$238 - $318
user rating: 4.5 of 5 (17)
The North Face Renegade reviewed Mar 29, 2015
user rating: 4 of 5 (11)
Lowe Alpine Netherworld 90 reviewed Mar 28, 2015
user rating: 4.5 of 5 (1)
Luke's Ultralite Accessory Pouch #2 reviewed Mar 26, 2015
$25 MSRP
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How to Choose a Backpack

Like most outdoor gear, choosing the right backpack depends on how you plan to use it and selecting one that fits you, your needs, your budget, and your gear.

Capacity (or How Big?)

Consider the following questions to help determine capacity, or how big of a pack you really need.

  • How long are you heading out for: a day, an overnight, a week?
  • What's your outdoor style? Are you a minimalist, or deeply attached to creature comforts, or somewhere in between?
  • How much and what gear will you bring for specific trips and activities? Don't forget group gear and seasonal items (for example: winter gear will take up more room).

Pack Sizes

Obviously you need a backpack that fits all your gear. If possible, lay it all out, including food and water, and be honest about what you'll need to fit in your pack.

Backpack sizing varies between individuals and manufacturers, but the following ranges are a basic starting point:

  • Day Pack:
    less than 2,000 cubic inches
    up to 30 liters
  • Overnight:
    2,000 - 2,999 cubic inches
    30-50 liters
  • Weekend and Multi-Day:
    3,000 - 4,499 cubic inches
    50-73 liters
  • Week-Long and Expedition:
    4,500+ cubic inches
    74 liters and up

Pack Tip: Don't buy a backpack bigger than you need. You'll be tempted to fill it and carry more than necessary, or you'll end up with an annoying floppy, half-filled pack.

Fit (Is It Comfy?)

Nothing beats the expertise of a knowledgeable pack fitter. Find one at your local outdoor retailer. In the meantime, here are some additional tips to help you choose a backpack that fits you well.

Torso Length

Size a backpack to your torso length. Don't assume you need the tall (or the regular or the short) model based on your height. The sizes of different manufacturers' frames may correspond to different torso lengths. Check each pack's technical specifications.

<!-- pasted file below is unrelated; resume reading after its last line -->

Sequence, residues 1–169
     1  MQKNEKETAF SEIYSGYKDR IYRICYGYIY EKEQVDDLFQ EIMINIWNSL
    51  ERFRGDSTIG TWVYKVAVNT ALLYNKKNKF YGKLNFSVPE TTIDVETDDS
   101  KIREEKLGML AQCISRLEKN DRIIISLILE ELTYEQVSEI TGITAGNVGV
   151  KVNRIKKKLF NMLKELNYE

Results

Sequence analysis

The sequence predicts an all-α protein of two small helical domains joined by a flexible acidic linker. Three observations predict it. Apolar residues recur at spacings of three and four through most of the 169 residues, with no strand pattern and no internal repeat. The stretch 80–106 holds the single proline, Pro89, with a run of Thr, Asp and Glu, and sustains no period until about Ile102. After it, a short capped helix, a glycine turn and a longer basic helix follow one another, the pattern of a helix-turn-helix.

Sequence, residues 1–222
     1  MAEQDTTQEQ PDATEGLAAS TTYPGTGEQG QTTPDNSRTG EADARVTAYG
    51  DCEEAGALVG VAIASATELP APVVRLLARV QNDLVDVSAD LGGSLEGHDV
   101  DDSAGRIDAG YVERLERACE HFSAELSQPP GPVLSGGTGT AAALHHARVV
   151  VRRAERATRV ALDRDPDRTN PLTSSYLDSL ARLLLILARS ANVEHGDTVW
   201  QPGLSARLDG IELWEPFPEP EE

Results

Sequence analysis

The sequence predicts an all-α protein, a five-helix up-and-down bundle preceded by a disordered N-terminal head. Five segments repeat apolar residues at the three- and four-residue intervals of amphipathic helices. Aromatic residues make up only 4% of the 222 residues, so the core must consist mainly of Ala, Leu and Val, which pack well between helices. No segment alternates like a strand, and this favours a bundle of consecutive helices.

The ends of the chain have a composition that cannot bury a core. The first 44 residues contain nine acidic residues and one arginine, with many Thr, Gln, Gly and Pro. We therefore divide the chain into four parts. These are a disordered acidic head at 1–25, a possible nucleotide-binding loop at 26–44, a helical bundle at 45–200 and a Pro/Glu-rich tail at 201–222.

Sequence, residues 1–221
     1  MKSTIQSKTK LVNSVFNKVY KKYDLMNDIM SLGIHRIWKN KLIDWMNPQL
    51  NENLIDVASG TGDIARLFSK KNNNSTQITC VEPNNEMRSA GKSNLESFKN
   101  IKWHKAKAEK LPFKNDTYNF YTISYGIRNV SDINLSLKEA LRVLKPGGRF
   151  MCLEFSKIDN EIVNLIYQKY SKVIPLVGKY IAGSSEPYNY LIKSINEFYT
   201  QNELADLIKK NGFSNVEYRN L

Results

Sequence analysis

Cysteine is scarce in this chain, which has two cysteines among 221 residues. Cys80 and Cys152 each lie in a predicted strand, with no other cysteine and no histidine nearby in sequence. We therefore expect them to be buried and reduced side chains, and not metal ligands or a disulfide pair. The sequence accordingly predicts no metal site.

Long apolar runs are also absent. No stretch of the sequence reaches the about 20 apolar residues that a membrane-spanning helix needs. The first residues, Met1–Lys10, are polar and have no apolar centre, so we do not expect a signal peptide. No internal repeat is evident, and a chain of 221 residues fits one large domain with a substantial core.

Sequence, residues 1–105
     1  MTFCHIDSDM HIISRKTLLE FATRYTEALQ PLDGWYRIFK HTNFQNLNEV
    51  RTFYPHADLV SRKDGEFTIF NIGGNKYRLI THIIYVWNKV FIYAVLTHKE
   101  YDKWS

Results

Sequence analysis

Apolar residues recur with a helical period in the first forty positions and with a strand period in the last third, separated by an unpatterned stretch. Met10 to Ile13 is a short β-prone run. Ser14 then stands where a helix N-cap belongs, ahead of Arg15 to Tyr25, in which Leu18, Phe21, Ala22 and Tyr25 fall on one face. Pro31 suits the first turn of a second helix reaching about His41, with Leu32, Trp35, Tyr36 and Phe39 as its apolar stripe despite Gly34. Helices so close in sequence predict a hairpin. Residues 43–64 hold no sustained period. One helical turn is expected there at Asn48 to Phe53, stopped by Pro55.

To find your torso length, have someone measure from the iliac crest at the top of your hipbone to the prominent bone at the base of your neck (the seventh cervical vertebrae). (See how to properly fit a backpack in this instructional video.)

Pack Gender

Many pack manufacturers produce women-specific or short torso versions. Women, kids, and others with short torsos can consider backpacks sized for them. On average, these fit the average woman better.

Pack Tip: Don't get stuck on a pack's gender though. Buy the one that fits you best.

Straps and Padding

Shoulder straps, which control the fit of the suspension system, should be well padded and adjustable.

An adjustable sternum strap, which connects the shoulder straps, helps bring the load weight forward and off your shoulders.

Since it supports your pack's weight, make sure the hipbelt provides adequate padding. Some pack makers offer interchangeable hipbelts in different styles and in sizes for both men and women for a better individual fit.


Fitting your gear in the pack is one thing. Making sure it rides comfortably is another. What's the typical weight of your gear? Check that it matches the manufacturer's recommendation, particularly if you're opting for an ultralight pack.

During a fitting, load the pack with weight to see how well it carries. Walk around with the loaded pack, practice taking it on and off, move around, and climb up and down stairs and slopes.

How well is the pack's load distributed? Does it remain comfortable over its carrying capacity and intended uses? Does it feel stable?


Features & Organization

Consider the pack's organization. Is equipment stowed securely? Is it easy to access? Intuitive?

If you'll be carrying any specialty gear, such as ice axes, snowshoes, skis, or a snowboard, look for a pack with features or accessories designed to hold those items, rather than trying to jury-rig them on later.

Depending on your different activities you may need more than one backpack, perhaps a large internal frame pack for multi-day backpacking trips and a small daypack for day hikes.

Find the best pack for you and your activities and you'll be ready to hit the trail.